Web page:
Support Long-term Thinking
Support Long-term Thinking

Trevor Paglen’s Orbital Reflector Goes “Unrealized”

by Ahmed Kabil on May 8th, 02019

On December 3rd, 02018, Trevor Paglen’s Orbital Reflector launched into low orbit as part of the payload on SpaceX’s Falcon 9 rocket. The 100-foot-long diamond shaped mylar balloon was intended to be the world’s first space sculpture. It would be visible to the naked eye, appearing as a slowly-moving. . .   Read More

New Podcast: Siberia Salon

by Ahmed Kabil on May 3rd, 02019

In our opening Conversation at The Interval for 02019, Stewart Brand, Kevin Kelly and Executive Director Alexander Rose discuss a 02018 research trip that witnessed the ongoing restoration of a part of Siberia back to its Pleistocene-era ecosystem. The team brought back DNA samples to evaluate for mammoth de-extinction, and lots of photos. . .   Read More

Edge’s John Brockman Interviews Alexander Rose

by Ahmed Kabil on April 24th, 02019

Executive Director Alexander Rose recently sat down with John Brockman of Edge.org to discuss Long Now. (Brockman recently gave a talk at Long Now in February about A.I.).
There are almost no artifacts that have been built for very long periods of time. With things like the pyramids or Stonehenge—we knew the. . .   Read More

Past Interval Speaker Geoff Manaugh on an Emerging Fault System in the Eastern Sierra

by Ahmed Kabil on April 20th, 02019

Past Interval speaker Geoff Manaugh has written a feature for the May issue of WIRED about the Walker Lane in the Eastern Sierra, “an emerging fault system along the Nevada border [that] is shaking up the tech industry’s latest frontier—and only a small group of scientists is paying attention.”

Long Now Lessons From Notre Dame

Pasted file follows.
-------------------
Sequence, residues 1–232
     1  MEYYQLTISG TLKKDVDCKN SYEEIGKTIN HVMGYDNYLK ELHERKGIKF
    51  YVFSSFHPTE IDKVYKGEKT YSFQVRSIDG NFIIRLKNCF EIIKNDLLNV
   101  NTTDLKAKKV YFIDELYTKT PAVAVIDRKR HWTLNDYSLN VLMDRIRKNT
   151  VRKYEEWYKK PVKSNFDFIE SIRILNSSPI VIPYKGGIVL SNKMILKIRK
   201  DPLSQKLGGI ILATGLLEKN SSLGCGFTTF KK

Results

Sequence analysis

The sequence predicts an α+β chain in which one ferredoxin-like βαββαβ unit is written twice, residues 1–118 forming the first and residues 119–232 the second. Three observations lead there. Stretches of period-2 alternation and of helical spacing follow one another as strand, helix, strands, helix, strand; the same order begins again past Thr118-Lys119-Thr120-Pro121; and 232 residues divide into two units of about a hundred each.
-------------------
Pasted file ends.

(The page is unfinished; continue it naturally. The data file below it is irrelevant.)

by Ahmed Kabil on April 17th, 02019

In the hours after news broke that the Cathedral of Notre Dame suffered extensive fire damage, many found hope in a story that circulated on social media about a centuries-old protocol the fire department in Paris followed when battling the fire. The story originated with Twitter. . .   Read More

This is How The Universe Ends

by Ahmed Kabil on April 17th, 02019

This much is certain: The sun, like all stars, will one day die. Its demise will begin five billion years from now, when it starts running out of fuel. It will slowly bloat into a red giant, becoming over two hundred times larger than it is. . .   Read More

Jeff Goodell: We’re Not Going to ‘Fix’ Climate Change

by Ahmed Kabil on April 16th, 02019

There’s not going to be a ‘fix’ for climate change, says science journalist Jeff Goodell. There will only be adaptations. From the Long Now Seminar, “The Water Will Come. . .   Read More

‘Extraordinary’ 500-Year-Old Library Catalog Reveals Books Lost to Time

by Ahmed Kabil on April 14th, 02019

Researchers in Copenhagen have discovered a catalog containing thousands of summaries of books from 500 years ago, many of which no longer exist.

Alison Gopnik on the Long-term Future of AI

by Ahmed Kabil on April 9th, 02019

Alison Gopnik, a professor of psychology and philosophy at UC-Berkeley, believes that the changes AI will bring to humanity will be profound, but that we won’t notice them.

From John Brockman’s Long Now Seminar “Possible Minds. . .   Read More

Technology in Deep Time

by Ahmed Kabil on April 3rd, 02019

In a new essay for BBC’s Deep Civilisation series, British philosopher Tom Chatfield explores how technology has co-evolved alongside humans. While humans have only existed as a brief interval on the cosmic timescale, the process of “recursive iteration” that defines our relationship with our tools has led to us having an outsized impact. . .   Read More